Rwanda today is a shining example that a country with a long and painful history of violent sectarianism, can achieve great success, if it takes every section of the population along on a path of peace, unity and reconciliation.

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July 19, 2021 12:00 PM

The Blasphemy Law of Pakistan and its Implications

In Pakistan, Blasphemy results in a capital punishment in majority of cases. It is perhaps considered a crime worse than terrorism. A crucial case in point is the fact that the Pakistan’s Anti-Terrorism Court gave around 15 years jail term to two close aides of Hafiz Saeed—chief of the terrorist organization—Lashkar-e-Taiba—and mastermind behind 2008 Mumbai terrorist attacks—where at least 150 innocent people lost their lives.

Similarly, Zakiur Rehman Lakhvi—Lashkar-e-Taiba’s operation commander and another important figure involved in the 2008 Mumbai attack—was sentenced to 15 years in jail period. Not to mention—this happened amidst the international pressure on Pakistan for letting terrorists to function and roam freely within their country.

While something as violent as terrorism is dealt with lenient punishments, there are draconian laws for blasphemy in the country. Moreover, one can be accused of committing blasphemy—doesn’t matter if they did it or not—and might not even face a fair trial.

This article discusses what are the blasphemy laws and what are their implications while looking at some specific cases.

What are Pakistan’s Blasphemy laws?

What's called Blasphemy law today has its origins in the colonial era. The “offences relating to religion” were introduced by British in 1860, and were later expanded in 1927. These were sections 295 and 295-A from the Indian Penal Code. The laws were made to avoid religious disturbances, insult religious beliefs, or intentionally destroy or desecrate a place or an object of worship. Under the 295 and 295-A, the convicted were to be given a jail term from one year to ten years—with or without a fine.

Pakistan ended up inheriting these laws after the partition of India in 1947.

The laws were amended in 1982 and another clause was added which prescribed life imprisonment for desecration of the Quran intentionally. Another clause was added in 1986 to punish blasphemy against the Prophet Muhammad through imprisonment for life or death. These clauses, were added under General Zia-ul-Haq’s military regime, in an order to make the laws more “pro-Islam.”

Since then, this law has often been used to persecute people from minority communities—such as the Ahmadiyas, Shias, Christians, and Hindus—they have been accused of blasphemy without much evidence.

Infamous cases and implications of blasphemy in Pakistan

One of the famous cases was of Asia Bibi, which grabbed international attention as well. Asia Noreen—known as Asia Bibi—was a Pakistani Christan and a farm laborer in Punjab province. Her husband, Ashiq Masih, was a brick laborer. A dispute with her Muslim neighbours turned into an accusation of blasphemy—leading to her arrest and imprisoned. There were a lot of protests in Pakistan, demanding death penalty for Asia Bibi.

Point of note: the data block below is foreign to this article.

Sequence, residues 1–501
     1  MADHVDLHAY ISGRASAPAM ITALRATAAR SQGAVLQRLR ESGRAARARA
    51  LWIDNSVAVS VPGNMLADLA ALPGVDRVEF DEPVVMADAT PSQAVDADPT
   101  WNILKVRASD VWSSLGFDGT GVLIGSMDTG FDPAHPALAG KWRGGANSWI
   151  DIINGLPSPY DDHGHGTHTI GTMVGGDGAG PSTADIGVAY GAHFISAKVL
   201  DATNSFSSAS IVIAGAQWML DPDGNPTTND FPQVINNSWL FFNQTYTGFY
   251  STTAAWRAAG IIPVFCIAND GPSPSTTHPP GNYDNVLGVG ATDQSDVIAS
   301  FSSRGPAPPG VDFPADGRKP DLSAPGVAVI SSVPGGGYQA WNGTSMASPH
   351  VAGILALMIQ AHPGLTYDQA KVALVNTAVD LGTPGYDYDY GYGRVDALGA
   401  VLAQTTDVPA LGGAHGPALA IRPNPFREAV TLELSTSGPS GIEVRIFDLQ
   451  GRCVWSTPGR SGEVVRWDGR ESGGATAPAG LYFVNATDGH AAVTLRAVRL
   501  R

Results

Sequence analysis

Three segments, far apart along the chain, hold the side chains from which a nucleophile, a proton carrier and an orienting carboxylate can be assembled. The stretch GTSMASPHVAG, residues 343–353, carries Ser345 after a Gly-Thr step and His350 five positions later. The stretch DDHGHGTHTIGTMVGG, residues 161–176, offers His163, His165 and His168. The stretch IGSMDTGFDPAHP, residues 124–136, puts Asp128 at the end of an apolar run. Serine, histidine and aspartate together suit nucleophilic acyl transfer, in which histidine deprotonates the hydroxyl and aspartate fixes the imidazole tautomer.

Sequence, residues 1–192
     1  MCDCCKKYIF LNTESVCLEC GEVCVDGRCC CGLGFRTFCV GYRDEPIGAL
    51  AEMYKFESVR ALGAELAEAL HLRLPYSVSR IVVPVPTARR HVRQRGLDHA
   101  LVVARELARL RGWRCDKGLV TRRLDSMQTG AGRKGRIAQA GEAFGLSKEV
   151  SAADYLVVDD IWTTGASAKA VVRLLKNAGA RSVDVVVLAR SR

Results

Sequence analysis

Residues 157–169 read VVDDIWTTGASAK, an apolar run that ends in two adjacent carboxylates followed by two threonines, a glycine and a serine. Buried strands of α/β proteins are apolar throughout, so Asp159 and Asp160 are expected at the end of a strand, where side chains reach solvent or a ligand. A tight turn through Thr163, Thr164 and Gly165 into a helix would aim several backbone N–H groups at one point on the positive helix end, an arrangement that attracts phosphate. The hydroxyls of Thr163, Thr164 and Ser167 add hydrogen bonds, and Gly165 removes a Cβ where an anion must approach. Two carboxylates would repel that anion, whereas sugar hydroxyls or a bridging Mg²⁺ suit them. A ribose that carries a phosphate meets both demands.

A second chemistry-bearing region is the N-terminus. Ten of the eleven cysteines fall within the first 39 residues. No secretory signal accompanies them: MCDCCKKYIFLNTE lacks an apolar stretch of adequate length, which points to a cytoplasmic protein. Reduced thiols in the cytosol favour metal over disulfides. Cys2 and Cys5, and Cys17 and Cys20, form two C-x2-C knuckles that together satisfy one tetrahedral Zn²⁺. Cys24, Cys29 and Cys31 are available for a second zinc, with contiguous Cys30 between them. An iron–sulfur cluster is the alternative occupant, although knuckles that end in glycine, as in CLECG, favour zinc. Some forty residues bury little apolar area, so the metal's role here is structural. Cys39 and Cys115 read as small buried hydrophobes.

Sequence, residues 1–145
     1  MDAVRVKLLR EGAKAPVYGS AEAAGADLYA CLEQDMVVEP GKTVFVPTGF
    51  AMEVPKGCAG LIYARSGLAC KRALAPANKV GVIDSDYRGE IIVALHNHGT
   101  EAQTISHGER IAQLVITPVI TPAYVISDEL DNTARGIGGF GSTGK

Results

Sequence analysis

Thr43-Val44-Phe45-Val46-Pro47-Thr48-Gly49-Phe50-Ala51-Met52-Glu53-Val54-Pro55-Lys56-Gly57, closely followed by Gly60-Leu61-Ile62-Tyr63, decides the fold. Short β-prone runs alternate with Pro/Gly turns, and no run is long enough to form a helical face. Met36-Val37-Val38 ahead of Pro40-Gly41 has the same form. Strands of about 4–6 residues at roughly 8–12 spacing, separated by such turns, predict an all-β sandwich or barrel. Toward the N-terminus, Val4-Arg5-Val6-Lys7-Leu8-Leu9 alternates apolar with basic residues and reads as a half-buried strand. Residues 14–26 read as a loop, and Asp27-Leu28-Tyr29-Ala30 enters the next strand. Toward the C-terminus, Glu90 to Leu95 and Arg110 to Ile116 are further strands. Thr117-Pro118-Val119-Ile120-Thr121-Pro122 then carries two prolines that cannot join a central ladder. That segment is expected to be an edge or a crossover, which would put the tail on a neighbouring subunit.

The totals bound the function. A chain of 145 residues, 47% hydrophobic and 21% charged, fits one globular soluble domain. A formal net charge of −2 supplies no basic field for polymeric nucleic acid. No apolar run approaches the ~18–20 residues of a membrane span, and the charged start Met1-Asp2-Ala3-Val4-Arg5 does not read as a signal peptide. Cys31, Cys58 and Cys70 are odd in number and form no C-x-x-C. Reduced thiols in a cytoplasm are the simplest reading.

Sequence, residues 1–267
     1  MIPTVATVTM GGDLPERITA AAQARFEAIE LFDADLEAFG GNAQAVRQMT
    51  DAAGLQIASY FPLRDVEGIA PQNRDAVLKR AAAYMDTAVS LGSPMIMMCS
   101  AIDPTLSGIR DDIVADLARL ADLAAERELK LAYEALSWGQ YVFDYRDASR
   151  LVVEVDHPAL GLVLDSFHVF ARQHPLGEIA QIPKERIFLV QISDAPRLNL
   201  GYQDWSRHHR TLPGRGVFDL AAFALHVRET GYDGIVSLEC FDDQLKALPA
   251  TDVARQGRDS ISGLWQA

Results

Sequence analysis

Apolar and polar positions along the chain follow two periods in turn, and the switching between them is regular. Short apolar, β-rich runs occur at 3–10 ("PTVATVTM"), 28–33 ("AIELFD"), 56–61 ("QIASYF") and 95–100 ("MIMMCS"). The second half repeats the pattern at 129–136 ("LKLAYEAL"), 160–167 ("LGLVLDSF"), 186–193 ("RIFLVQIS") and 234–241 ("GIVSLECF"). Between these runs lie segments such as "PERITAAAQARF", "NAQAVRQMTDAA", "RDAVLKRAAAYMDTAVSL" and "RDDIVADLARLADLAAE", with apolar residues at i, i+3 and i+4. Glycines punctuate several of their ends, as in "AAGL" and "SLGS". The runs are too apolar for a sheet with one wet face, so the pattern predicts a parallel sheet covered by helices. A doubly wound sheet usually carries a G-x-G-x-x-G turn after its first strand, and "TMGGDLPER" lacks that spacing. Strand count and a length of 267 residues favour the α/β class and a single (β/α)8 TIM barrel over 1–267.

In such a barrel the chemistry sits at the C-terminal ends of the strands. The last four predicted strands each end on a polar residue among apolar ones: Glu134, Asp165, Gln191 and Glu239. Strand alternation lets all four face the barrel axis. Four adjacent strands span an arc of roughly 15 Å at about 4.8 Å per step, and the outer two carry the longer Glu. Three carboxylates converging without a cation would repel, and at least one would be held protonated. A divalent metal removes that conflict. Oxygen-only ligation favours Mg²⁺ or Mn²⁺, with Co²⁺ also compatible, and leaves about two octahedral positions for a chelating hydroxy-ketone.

Two politicians—Salman Taseer and Shahbaz Bhatti—who supported and tried to help Asia Bibi, were murdered. Taseer was shot by his own bodyguard named Malik Mumtaz Hussain Qadri in broad daylight. Qadri was tried and sentenced to death. He was executed in 2016. Mumtaz Qadri became a hero for millions and hardliners praised him as a martyr. He is regarded as a saint and a mausoleum has been built over his grave in his village near Islamabad, where even devotees come to offer prayers.

Asia Bibi was first sentenced to death by a trial court in 2010, however was later acquitted by the Supreme Court in a historic judgement of 2018. In 2019, Pakistan’s Supreme Court ruled that she was free to leave Pakistan and was given asylum in Canada where she moved along with her family.

Although after a long struggle, Asia Bibi still got justice and was able to start a new life—unfortunately many others didn’t. Many met with Mob Justice.

In 2017, a journalism student at a Pakistani University was lynched to death by fellow students in Mardan—in the province of Khyber Pakhtunkhwa. The student—Mashal Khan—was a Shia Muslim and was falsely accused of blasphemy. The mob was enraged by a rumour according to which he had promoted the Ahmadi faith on Facebook. In a similar instance, a man named Tahrir Ahmad Naseem was killed by vigilantes in July last year for blasphemy. He was a former Ahmadi, and was in Peshawar Central Jail since 2018 for claiming to be a prophet. He was shot dead inside the courtroom during trial in the Peshawar Judicial Complex.

Furthermore, in a case similar to that of Asia Bibi, a Christian couple—Shahzad and Shama Maseeh—were accused of blasphemy as well. They were then beaten and burned alive by a mob in 2014. Shama was four months pregnant. The mob, which also included a local cleric, believed that the couple had burned some pages of the Quran along with some rubbish, although the couple’s family still denies this. Five people including the cleric were sentenced to death, while the eight others were given two years imprisonment.